Such sensing technologies are effective in determining various parameters of a fluid flow within a pipe. However, as with any computationally complex process, there remains a desire to increase computational efficiency and accuracy.

SUMMARY OF THE INVENTION

The above-described and other needs are met by an apparatus, method, and storage medium of the present invention, wherein a parameter of a fluid passing through a pipe is measured using a spatial array of at least three sensors disposed at different axial locations along the pipe. Each of the sensors provides a pressure signal indicative of unsteady pressure within the pipe at a corresponding axial location of the pipe. The spatial array includes at least two overlapping sub-arrays, with each sub-array including at least two of the sensors. Using the pressure signals, the signal processor determines a spatial correlation matrix for each of the sub-arrays and then averages the spatial correlation matrices from all of the sub-arrays to provide an averaged spatial correlation matrix, which is used to determine the parameter of the fluid. The averaged spatial correlation matrix may be input to an adaptive array processing algorithm. The parameter of the fluid may include, for example, at least one of: velocity, speed of sound, density, volumetric flow rate, mass flow rate, composition, entrained air, consistency, steam quality or wetness, vapor to mass ratio, liquid to solid ratio, enthalpy, and site of particles in the fluid.

In any of the embodiments described herein, the at least two pressure sensors may be selected from a group consisting of: piezoelectric, piezoresistive, strain gauge, PVDF, optical sensors, ported ac pressure sensors, accelerometers, velocity sensors, and displacement sensors. In various embodiments, the at least two pressure sensors are wrapped around at least a portion of the pipe and do not contact the fluid. The pipe may be open ended such that it can be positioned within the fluid flow for forming a portion of a sensing device.

The foregoing and other objects, and features of the present invention will become more apparent in light of the following detailed description of exemplary embodiments thereof.

BRIEF DESCRIPTION OF THE DRAWINGS

Referring now to the drawing wherein like items are numbered alike in the various Figures:

FIG. 1 is schematic diagram of an apparatus for determining at least one parameter associated with a fluid flowing in a pipe in accordance with various embodiments of the present invention.

FIG. 2 is schematic diagram of an apparatus employing a sensing device for determining at least one parameter associated with a fluid flowing through the sensing device in accordance with various embodiments of the present invention.

FIG. 3 is an isometric view of the sensing device placed in a flow of fluid within a pipe.

FIG. 4 is a cross-sectional view of a plurality of sensing devices placed in a flow of fluid within a pipe.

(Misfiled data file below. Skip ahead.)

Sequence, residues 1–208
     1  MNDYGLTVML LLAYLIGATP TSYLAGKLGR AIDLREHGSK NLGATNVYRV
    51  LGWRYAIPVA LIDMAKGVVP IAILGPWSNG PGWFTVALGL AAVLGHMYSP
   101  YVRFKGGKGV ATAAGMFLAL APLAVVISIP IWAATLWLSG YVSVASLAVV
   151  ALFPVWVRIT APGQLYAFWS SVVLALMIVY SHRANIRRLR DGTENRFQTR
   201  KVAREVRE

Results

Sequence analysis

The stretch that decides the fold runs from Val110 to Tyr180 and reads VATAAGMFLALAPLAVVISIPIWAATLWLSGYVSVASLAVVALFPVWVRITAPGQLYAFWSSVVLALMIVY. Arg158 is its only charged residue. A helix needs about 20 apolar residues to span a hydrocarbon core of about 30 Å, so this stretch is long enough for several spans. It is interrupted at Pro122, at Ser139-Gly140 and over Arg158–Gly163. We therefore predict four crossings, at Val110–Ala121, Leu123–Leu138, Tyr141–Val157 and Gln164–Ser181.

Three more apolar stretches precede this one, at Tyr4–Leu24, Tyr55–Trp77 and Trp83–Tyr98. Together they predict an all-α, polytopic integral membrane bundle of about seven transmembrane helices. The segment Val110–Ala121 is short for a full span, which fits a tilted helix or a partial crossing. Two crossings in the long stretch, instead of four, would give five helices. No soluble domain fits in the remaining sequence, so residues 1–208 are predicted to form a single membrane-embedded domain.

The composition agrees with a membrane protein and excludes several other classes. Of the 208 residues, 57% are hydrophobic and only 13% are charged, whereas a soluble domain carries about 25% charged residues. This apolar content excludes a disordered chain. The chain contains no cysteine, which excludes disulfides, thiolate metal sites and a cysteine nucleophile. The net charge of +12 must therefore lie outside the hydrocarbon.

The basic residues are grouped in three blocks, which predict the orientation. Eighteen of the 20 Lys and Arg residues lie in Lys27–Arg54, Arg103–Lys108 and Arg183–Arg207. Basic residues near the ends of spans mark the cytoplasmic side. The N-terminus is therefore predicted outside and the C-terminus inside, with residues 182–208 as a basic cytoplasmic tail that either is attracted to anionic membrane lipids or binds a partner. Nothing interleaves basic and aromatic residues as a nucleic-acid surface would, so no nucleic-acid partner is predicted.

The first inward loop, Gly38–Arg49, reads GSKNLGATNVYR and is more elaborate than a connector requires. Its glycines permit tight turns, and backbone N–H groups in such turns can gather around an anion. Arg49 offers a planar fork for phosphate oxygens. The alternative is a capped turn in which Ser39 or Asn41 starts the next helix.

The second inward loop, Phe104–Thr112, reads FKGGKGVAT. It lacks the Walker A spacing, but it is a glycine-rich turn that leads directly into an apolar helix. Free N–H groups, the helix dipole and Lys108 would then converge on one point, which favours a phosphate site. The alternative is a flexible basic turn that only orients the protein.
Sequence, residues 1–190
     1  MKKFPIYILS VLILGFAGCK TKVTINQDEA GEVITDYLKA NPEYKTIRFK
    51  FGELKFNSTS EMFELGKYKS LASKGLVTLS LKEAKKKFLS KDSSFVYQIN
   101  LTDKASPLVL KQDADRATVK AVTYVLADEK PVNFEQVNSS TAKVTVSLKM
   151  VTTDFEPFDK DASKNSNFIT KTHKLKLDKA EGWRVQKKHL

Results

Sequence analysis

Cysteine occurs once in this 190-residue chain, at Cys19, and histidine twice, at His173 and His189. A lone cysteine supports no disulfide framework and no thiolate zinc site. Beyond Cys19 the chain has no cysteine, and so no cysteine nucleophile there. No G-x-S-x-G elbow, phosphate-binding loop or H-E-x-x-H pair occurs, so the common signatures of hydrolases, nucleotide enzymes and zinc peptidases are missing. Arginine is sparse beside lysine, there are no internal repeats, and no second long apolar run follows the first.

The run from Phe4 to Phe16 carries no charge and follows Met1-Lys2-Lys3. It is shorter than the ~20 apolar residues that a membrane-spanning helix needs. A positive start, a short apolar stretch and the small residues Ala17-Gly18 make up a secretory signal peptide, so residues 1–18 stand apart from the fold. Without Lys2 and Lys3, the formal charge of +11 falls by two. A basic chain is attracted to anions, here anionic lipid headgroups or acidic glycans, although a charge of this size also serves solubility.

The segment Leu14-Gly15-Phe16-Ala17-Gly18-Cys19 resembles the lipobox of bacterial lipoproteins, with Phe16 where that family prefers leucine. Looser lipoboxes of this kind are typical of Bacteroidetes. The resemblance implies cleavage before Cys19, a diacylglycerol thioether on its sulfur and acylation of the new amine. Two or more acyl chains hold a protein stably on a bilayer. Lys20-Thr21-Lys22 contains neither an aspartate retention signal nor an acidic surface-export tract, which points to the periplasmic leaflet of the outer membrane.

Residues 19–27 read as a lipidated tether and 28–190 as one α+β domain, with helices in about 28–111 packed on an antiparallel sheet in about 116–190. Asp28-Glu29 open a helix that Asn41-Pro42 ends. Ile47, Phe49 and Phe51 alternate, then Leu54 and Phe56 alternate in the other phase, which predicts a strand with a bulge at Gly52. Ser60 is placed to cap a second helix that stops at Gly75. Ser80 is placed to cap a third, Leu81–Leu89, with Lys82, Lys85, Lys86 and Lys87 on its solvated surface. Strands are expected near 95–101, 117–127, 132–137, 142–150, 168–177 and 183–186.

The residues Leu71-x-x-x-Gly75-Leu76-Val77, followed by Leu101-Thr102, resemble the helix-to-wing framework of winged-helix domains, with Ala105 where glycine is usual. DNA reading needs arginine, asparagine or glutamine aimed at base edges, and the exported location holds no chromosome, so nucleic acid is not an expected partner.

FIG. 5 is a cross-sectional view of a pipe having coherent structures therein.

FIG. 6 is a block diagram of a first embodiment of a flow logic used in the apparatus of the present invention.

FIG. 7 depicts a plurality of spatial correlation matrices resulting from the sub-array processing of the present invention.

FIG. 8 is a k-ω plot of data processed from an apparatus embodying the present invention that illustrates slope of the convective ridge, and a plot of the optimization function of the convective ridge.

FIG. 9 is a block diagram of a second embodiment of a flow logic used in the apparatus of the present invention.

FIG. 10 a kω plot of data processed from an apparatus embodying the present invention that illustrates slope of the acoustic ridges.

FIG. 11 is a plot of mixture sound speed as a function of gas volume fraction for a 5% consistency slurry over a range of process pressures.

FIG. 12 is a plot of sound speed as a function of frequency for air/particle mixtures with fixed particle size and varying air-to-particle mass ratio.

FIG. 13 is a plot of sound speed as a function of frequency for air/particle mixtures with varying particle size where the air-to-particle mass ratio is fixed.

FIG. 14 is a plot of sound speed as a function of frequency for vapor/liquid mixtures with fixed droplet size and varying liquid-to-vapor ratio.

FIG. 15 is a plot of sound speed as a function of frequency for vapor/liquid mixtures with varying droplet size where the liquid-to-vapor ratio is fixed.

DETAILED DESCRIPTION

As described in U.S. patent application Ser. Nos. 10/007,749, 10/349,716, and 10/376,427, which are all incorporated herein by reference, unsteady pressures along a pipe, as may be caused by one or both of acoustic waves propagating through the fluid within the pipe and/or pressure disturbances that convect with the fluid flowing in the pipe (e.g., turbulent eddies and vortical disturbances), contain useful information regarding parameters of the fluid and the flow process.

Referring to FIG. 1, an apparatus 10 for measuring at least one parameter associated with a fluid 13 flowing within a pipe 14 is shown. The parameter of the fluid may include, for example, at least one of: velocity, speed of sound, density, volumetric flow rate, mass flow rate, composition, entrained air, consistency, steam quality or “wetness,” vapor/mass ratio, liquid/solid ratio, enthalpy, and size of particles in the fluid 13.